Spend quality time with your children. Groundbreaking research shows that it’s not the amount of time you spend with your kids that counts – it’s the quality. Little pieces of time matter. Spend time on things you both enjoy. Cook, play, laugh. Read to them or with them. Talk with them. Let them participate in your activities.

How To Get Your Time Back in 10 Easy Steps.
5 ways busy parents can get involved in their kids’ education
Beyond schooling: 8 tips for getting more involved in your child’s education
The 7 lies keeping you busy

8) Nurture Your Child’s Independence

Many education experts agree that children learn best by doing things by themselves. The quest for independence is innate and occurs quite early. Even kids as young as two can start developing their independence. By age three, most children can choose the clothes they’d like to wear, dress themselves and choose what they’d like to eat and so on.

As kids grow older, they gain greater independence and can do much more than what most parents believe. By providing the appropriate support depending on your child’s age, you can nurture the drive towards independence.

According to a recent Braun research study, giving children regular chores may have long-lasting benefits academically, socially, emotionally and professionally. Other studies have found that the earlier (from age 3) children are assigned chores, the more self-reliant and independent they become, and they also become more responsible and tend to do better in school.

Nurture your child’s independence, one day at a time!

Fifteen Days to Independent Kids: An evidence-based guide

9) Set great expectations

Children whose parents have high expectations tend to live up to them. A recent study found that high parental expectation increased student achievement, but only when parents didn’t aim too high. In other words, the more parents had unrealistic expectations, the more was their children’s academic performance.

Much evidence suggests that children need some form of authoritative guidance. Authoritative parenting is not authoritarian parenting. Authoritative parenting is about finding the right balance between parents’ needs and children’s needs.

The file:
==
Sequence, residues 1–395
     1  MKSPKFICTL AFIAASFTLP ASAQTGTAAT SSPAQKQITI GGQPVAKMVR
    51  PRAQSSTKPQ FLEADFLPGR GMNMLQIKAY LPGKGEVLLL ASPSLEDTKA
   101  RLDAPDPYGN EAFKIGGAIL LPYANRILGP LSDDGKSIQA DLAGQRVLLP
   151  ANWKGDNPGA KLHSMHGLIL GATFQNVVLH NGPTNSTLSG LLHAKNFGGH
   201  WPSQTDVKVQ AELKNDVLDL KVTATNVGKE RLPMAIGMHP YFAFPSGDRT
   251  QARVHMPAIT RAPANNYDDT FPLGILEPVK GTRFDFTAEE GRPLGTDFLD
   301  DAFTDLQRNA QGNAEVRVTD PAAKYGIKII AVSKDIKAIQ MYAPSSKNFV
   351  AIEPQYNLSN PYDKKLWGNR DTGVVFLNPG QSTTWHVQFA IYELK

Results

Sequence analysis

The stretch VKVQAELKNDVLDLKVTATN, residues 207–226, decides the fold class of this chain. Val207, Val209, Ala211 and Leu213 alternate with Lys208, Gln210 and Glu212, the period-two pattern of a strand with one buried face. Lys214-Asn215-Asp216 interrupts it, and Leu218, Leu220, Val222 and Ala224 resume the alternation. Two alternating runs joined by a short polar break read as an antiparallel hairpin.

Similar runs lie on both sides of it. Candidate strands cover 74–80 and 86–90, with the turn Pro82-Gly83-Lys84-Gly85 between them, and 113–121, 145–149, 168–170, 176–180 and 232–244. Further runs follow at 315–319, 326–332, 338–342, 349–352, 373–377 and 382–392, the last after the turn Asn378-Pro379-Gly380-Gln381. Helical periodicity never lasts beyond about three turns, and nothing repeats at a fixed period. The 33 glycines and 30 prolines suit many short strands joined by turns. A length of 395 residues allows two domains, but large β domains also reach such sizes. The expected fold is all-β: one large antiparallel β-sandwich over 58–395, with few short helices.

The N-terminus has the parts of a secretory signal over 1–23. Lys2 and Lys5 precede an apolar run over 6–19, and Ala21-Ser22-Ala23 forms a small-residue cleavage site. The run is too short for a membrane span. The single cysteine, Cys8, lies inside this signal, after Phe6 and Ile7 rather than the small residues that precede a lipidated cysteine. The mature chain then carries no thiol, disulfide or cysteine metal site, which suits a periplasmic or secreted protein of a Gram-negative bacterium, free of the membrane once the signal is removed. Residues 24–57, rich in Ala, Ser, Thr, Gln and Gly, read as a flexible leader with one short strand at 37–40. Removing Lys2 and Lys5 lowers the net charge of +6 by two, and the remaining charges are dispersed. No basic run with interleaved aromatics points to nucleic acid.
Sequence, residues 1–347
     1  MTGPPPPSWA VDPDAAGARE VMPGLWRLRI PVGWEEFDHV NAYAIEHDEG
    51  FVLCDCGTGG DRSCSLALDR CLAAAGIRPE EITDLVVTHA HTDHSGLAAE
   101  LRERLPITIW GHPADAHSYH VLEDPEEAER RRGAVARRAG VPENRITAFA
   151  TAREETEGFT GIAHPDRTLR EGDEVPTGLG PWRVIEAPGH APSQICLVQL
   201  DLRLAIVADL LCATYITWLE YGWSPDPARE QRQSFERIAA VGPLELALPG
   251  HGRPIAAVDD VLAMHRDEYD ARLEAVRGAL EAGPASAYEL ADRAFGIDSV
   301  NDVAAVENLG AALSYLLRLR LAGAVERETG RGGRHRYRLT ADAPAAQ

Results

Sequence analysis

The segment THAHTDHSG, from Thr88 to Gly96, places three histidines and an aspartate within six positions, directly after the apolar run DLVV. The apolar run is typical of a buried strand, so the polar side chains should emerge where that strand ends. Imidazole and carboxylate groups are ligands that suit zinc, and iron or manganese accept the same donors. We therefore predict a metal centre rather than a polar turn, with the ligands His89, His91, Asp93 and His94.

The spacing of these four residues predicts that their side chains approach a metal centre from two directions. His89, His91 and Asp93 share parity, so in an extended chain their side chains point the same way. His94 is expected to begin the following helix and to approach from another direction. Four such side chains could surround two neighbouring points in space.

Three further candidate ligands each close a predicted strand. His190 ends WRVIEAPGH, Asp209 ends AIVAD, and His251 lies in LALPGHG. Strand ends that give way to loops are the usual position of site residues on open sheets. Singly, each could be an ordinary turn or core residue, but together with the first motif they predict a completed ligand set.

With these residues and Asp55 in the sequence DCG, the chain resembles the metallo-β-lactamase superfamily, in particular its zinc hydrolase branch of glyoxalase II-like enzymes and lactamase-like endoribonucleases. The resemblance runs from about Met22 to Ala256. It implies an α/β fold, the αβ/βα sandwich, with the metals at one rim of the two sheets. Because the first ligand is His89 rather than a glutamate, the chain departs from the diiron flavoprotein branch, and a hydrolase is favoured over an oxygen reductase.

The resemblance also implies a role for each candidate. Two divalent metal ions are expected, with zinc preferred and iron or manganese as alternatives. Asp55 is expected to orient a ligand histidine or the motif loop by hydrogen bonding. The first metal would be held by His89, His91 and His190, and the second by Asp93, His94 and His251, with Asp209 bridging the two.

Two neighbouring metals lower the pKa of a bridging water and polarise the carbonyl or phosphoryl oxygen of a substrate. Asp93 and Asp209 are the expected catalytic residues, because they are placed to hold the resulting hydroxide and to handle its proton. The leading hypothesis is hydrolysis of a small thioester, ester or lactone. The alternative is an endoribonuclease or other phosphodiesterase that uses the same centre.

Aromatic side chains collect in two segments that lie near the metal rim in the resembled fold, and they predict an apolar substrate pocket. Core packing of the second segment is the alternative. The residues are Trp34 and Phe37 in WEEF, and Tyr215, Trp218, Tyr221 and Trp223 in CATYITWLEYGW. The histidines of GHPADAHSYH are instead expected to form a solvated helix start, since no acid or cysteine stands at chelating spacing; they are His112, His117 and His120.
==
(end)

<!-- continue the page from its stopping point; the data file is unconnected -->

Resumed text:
Encourage your child to express him/herself. Recognise your child’s need for autonomy. Set great expectations!

10) Open up your child’s world


New studies suggest that the human desire to resolve uncertainty is so strong that people seek answers even when they know those answers will hurt. This has been confirmed by other studies which have found that a very strong relationship exists between openness and intelligence and scholastic aptitude.

McRae defines openness as “a broad and general dimension, seen in vivid fantasy, artistic sensitivity, depth of feeling, behavioural flexibility, intellectual curiosity, and unconventional attitudes”. Curiosity is one of the ways in which openness is manifested.

There are still many who wrongly believe that curiosity is an innate characteristic. While children’s eagerness to explore and discover can be observed in children from the youngest age, some researchers such as Professor Steven Dutch argue that that the tinkering observed in children is not necessarily synonymous with creativity. Professor Dutch insists on the fact that curiosity and creativity are acquired tastes. In his opinion, curiosity involves “seeking new kinds of stimuli”. In other words, if curiosity is not stimulated, it dies.

Fuel your child’s fire for exploration!